17 thoughts on “Paddling Michigan’s Lower Platte River”

  1. Jealous I didn’t get to join you. Platte River is one of my all time favorite places in the world. This is where the kids all come and spend 2 weeks with us at Platte River Campground, we’ve been doing this since they were little and now they bring their families. What I love about the river is that the kids just throw on a life jacket and can freely float down the river at their own leisure. So happy that you got to experience the river. There is also Cherry Bowl Drive-In in Honor that we hit up once during our stay, just something the kids don’t get to experience, even though after all the food, snacks, and popcorn most of us are sleeping by the time the show starts. lol

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  2. You make Michigan look SO inviting! Yesterday as we were headed into town for laundry, cruising along the shore of the Mississippi I was wondering about the ‘concept’ of getting a boat. there are times when the idea is so appealing and then we get ourselves off in the desert of wilderness and there’s little water to be found anywhere and it doesn’t seem nearly as appealing to carry something around mile after mile and never take it off the roof. Our neighbors in Palmdale brought a canoe along — and that’s what happened with them. They had it on top of the roof for the entire winter but he decided to go fishing in waders instead and admitted that the winter came and went and he never had the canoe off the roof. I fear that might be me.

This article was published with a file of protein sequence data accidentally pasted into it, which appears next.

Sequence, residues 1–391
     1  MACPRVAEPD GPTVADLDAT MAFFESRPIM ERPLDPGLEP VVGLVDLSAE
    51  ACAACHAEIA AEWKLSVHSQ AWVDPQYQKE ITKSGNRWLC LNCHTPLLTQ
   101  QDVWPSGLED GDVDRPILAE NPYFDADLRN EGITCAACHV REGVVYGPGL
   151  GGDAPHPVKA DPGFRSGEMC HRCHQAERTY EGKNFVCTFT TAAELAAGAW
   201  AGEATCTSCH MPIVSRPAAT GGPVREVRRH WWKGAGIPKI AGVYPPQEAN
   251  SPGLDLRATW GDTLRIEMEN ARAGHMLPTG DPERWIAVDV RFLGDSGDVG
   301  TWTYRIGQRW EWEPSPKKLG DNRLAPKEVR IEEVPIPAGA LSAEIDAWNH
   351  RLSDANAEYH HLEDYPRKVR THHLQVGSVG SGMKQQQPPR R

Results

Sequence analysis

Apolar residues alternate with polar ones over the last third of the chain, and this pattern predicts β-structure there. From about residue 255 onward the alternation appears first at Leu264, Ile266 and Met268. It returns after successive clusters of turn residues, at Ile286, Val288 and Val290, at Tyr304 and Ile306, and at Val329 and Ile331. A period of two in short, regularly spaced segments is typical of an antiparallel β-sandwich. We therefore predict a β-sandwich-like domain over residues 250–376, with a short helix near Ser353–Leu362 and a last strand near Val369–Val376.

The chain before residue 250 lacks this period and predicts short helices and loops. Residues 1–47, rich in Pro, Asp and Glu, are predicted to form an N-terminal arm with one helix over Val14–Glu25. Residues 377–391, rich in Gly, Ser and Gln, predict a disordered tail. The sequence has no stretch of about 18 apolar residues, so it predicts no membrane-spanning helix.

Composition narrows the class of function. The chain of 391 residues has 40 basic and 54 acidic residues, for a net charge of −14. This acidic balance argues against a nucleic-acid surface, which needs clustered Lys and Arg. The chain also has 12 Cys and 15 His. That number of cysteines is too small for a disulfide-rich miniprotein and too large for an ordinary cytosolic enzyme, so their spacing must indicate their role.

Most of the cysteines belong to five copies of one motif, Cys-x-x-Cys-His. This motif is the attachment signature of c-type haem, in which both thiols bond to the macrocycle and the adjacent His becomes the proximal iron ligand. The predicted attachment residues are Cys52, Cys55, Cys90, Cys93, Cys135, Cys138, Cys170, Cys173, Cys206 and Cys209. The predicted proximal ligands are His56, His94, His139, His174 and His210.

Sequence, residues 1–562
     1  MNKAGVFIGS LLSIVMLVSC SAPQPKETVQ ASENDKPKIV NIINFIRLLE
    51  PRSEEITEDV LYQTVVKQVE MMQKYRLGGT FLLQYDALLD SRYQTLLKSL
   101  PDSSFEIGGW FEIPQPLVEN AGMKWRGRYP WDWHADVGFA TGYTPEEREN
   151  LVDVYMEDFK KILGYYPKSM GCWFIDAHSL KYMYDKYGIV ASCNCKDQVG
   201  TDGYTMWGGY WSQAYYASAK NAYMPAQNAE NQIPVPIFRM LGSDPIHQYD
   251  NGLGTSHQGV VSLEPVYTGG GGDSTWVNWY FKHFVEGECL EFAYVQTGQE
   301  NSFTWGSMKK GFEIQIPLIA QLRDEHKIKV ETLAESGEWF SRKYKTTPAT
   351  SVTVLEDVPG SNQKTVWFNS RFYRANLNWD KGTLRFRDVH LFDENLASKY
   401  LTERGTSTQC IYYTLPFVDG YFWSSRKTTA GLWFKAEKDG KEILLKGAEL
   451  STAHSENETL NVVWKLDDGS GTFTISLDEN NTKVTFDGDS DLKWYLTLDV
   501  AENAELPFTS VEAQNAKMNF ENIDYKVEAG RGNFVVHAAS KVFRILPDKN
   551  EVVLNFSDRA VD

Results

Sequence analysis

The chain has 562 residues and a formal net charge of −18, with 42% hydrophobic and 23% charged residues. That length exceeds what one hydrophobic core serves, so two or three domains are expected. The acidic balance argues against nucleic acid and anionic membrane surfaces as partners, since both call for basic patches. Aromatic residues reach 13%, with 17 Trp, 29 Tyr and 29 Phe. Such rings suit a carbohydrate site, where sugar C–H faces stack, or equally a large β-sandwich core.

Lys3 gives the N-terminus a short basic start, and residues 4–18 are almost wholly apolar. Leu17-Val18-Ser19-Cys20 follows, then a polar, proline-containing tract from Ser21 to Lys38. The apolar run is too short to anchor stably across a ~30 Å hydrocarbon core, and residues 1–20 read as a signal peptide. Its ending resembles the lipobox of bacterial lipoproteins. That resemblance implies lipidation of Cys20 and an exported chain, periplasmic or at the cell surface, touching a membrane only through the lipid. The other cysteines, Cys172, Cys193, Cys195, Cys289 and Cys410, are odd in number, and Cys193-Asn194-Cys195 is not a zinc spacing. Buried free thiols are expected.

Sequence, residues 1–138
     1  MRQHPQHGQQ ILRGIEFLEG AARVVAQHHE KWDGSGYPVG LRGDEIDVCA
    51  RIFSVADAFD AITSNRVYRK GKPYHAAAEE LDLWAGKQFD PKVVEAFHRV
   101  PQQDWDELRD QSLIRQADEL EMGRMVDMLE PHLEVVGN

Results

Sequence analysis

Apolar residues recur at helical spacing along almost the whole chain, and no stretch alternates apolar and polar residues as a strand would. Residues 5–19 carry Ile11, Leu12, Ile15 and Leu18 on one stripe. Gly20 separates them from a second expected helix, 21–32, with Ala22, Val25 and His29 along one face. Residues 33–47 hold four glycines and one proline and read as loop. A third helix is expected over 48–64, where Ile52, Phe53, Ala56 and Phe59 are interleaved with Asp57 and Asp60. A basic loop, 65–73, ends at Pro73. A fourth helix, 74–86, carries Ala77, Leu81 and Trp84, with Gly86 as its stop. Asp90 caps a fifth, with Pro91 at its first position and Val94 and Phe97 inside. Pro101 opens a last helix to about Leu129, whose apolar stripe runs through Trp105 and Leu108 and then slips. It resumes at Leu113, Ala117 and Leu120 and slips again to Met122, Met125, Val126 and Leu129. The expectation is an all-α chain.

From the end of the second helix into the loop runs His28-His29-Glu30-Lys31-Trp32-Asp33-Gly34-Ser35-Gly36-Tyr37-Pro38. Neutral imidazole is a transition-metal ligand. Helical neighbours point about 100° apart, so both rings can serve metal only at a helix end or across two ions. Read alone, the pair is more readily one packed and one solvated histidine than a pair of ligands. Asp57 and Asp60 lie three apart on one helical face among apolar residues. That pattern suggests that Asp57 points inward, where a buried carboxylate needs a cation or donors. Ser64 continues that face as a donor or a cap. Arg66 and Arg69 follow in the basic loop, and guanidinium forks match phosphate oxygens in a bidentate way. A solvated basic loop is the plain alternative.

One of these years we have to try just spending the summer in MI…. maybe.

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      1. our kid is having her 25th Anniversary in 2016, so there has been conversation about them meeting up with us in the Spring as part of their Anni trip. — which means we may find ourselves in San Diego in April, and probably do the things we had to be in too much of a hurry to do out there in previous years. We’ll have to see.

        We were talking about workamping just yesterday, and mulling around what we want to do. I’m almost sorry we committed so early to this winter’s gig. I really wanted to do a Refuge, and Bosque is a choice gig — but I’m not sure I want to be planned out that far in advance any more. Summers in WI are tough without reservations but we are actively looking for other options. We’ll just have to wait and see what happens.

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  3. The kayaking looks fun but Art’s Tavern looks even better. What I would not give to a bar burger or pizza right now!

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    1. We want to try it either earlier or later in the day, and perhaps more towards fall, Debbie. We did have to navigate around quite a few tubes after the fish weir, so it would be nice to go when it is a little less crowded.

      Hmmmm….now I am hungry for another burger….. 🙂